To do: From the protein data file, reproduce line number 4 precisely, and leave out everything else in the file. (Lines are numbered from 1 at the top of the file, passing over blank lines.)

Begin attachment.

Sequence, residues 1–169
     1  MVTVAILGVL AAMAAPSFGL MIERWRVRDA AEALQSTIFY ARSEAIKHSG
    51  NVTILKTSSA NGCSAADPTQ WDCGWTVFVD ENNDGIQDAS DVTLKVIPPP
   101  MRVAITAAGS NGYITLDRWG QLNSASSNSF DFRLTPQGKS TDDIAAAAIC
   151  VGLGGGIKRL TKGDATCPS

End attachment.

   101  MRVAITAAGS NGYITLDRWG QLNSASSNSF DFRLTPQGKS TDDIAAAAIC